The Craigs- Kootenay Pass, BC

"Land is—or should be—invaluable, perhaps even sacred. It is not only a place to live, but also a source for food, for water, for fuel, and for sustenance of almost every kind. Land management choices have profound impacts on our ecosystems and environment, and thus on our health, well-being and collective future." Shaun Chamberlin

There are alternative models for landownership or communal living that have been developed.  These models don't suit everyone, but neither does individual land ownership.  To have options out there is important.  Shaun Chamberlin wrote and excellent article about land ownership and an ecological land co-op in the UK.

The idea behind land co-ops is that land is owned cooperatively, and the people living on the land are stewards of the land.  Financing for land co-ops can occur in different ways, but in the Ecological Land Co-op they have different options of how people can contribute financial to the co-op.

Apricot Blossoms, Food Forest, Creston, BC

In addition to land co-ops there are also many other types of communal living situations that suit people from communes, eco-villages, co-housing, intentional communities, religious communities.  Each have different ways to answer the questions:  How de we collaborate?  How do we contribute? 
The answers to these questions will create radically different communities depending on who comes to the table, the regulatory environment, the intention and the resources available.  The models and options that are being tried out in the world are diverse, challenging, inspirational and beautiful.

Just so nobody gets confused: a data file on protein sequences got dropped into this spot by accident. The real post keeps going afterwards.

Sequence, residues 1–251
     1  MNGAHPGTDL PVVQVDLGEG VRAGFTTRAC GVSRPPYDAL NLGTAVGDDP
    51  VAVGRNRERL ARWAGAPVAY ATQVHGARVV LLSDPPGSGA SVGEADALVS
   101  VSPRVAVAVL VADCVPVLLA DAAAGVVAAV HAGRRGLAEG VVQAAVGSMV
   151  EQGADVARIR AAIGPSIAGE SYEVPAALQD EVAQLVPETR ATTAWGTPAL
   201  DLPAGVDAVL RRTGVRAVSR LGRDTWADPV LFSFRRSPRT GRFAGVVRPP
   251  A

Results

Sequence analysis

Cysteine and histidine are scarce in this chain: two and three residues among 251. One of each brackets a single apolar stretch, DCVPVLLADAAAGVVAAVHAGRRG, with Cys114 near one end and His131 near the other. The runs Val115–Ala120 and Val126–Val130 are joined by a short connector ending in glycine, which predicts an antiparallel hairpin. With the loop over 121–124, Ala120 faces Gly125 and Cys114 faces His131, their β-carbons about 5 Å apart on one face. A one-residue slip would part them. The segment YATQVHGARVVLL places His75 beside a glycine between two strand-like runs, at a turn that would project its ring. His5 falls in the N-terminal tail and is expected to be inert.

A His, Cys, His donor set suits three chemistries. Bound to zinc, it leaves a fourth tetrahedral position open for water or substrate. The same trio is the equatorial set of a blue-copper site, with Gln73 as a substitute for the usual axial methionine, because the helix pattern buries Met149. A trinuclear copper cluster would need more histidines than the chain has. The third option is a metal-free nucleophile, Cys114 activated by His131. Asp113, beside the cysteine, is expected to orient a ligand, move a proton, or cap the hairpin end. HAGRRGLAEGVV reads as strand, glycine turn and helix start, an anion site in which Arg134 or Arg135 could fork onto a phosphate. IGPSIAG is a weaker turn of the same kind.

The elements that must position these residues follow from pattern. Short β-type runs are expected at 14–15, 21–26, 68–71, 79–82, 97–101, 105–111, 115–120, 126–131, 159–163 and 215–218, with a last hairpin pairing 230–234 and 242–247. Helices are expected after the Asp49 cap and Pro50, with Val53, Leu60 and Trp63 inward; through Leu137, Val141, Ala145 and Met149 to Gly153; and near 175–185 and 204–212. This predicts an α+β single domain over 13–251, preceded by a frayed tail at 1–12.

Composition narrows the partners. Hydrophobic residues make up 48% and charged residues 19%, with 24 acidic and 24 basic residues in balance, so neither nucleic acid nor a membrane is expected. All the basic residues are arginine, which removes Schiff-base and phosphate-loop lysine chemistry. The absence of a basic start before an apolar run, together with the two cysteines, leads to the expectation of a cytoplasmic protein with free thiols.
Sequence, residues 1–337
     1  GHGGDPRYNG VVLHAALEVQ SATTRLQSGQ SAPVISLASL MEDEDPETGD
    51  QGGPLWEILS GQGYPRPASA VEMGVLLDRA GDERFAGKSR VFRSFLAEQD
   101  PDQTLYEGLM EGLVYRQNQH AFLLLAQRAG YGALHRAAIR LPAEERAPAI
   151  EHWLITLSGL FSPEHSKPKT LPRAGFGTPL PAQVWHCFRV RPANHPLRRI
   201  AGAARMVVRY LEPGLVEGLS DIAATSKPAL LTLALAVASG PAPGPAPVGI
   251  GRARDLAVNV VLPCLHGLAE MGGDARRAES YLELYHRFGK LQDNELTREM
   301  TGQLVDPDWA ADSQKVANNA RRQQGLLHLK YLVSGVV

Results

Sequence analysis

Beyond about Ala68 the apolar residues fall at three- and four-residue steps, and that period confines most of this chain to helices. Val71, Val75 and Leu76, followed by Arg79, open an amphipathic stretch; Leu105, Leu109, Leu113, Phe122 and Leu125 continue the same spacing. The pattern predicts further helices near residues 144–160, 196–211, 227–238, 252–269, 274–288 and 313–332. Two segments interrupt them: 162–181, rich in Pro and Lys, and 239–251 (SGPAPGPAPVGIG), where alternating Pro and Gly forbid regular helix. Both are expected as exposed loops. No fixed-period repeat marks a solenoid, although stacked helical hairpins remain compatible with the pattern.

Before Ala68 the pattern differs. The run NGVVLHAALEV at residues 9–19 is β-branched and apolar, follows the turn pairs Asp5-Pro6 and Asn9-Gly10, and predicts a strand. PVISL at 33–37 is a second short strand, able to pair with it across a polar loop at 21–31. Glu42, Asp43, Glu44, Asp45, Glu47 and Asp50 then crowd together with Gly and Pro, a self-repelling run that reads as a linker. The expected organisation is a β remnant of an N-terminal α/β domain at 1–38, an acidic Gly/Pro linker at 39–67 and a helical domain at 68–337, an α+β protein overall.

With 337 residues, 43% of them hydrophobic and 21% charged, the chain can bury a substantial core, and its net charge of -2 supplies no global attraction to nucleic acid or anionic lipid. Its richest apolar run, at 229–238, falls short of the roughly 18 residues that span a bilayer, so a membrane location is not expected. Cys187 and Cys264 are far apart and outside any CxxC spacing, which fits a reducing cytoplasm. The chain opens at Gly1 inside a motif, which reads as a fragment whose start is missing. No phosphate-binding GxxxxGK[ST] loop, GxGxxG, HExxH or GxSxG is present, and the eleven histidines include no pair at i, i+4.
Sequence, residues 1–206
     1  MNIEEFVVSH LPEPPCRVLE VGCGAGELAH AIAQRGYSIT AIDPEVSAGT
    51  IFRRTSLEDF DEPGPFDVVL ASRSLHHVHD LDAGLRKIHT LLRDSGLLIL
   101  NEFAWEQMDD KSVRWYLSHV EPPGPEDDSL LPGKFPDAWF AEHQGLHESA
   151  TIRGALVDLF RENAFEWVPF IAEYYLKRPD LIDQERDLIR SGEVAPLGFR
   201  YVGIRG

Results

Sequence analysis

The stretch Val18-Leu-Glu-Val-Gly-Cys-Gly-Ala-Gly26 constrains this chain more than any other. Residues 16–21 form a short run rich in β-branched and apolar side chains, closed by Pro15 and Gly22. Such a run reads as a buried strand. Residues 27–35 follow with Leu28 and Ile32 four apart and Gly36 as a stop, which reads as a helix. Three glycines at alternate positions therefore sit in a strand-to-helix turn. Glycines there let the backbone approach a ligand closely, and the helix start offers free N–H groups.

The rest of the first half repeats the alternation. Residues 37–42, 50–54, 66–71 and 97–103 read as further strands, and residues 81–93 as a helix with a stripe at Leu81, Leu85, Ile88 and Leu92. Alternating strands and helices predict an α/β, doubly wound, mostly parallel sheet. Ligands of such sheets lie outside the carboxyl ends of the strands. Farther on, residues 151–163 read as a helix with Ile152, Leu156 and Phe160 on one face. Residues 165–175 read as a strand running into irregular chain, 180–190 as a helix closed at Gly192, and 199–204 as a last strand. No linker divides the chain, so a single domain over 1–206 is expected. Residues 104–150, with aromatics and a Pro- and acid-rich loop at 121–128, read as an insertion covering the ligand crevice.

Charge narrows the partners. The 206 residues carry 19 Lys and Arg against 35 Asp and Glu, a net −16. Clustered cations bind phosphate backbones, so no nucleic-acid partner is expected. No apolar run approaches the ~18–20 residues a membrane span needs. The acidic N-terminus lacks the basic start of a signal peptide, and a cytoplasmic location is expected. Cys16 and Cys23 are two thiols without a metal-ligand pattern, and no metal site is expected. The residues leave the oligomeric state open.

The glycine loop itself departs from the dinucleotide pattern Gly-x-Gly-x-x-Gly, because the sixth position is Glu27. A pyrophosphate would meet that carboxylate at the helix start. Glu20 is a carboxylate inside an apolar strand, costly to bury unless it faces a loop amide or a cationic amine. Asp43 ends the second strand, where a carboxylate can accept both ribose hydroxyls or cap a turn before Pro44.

There are some responses that are in between the individual housing and communal living aspect.  Tiny houses or the small house movement has become more popular these days as a way to lower the barrier to owning a house/land and living a lower carbon, lower debt, lower footprint, more vibrant life.

  "It’s not a movement about people claiming to be ‘tinier than thou’ but rather people making their own choices toward simpler and smaller living however they feel best fits their life"- Jay Shafer

Tiny House at the Lost Valley Eco-village, Oregon

Small Housing BC has recently put out a report called Innovations in Small-Scale Living in North America, which goes through examples of small scale living that straddle the line between individual and communal housing options.  I also think tiny houses have alot of opportunities but just like any living situation, Hipstercrite highlights some struggles you might face when living small in her hilarious article entitled Dear People Who Live in Fancy Tiny Houses.  In any case, land-ownership can still be an issue with any of these small housing initiatives and land co-ops may be one solution the the problem of land access.

Haskap, Lonicera caerulea, in bloom

So there you have it... Co-ops as  investments, as community development, as providing services that are otherwise inaccessible to communities, co-ops as community lenders, as workers co-ops and land co-ops.  Co-ops can have many different reasons for existing and impacts within our lives.  Co-ops are definitely not the only way to have a business or organize a group, but they are an interesting model that can create big changes within a community.

Whatever you are interested in... make sure you are creating Something Wonderful in My Backyard!


Popular Posts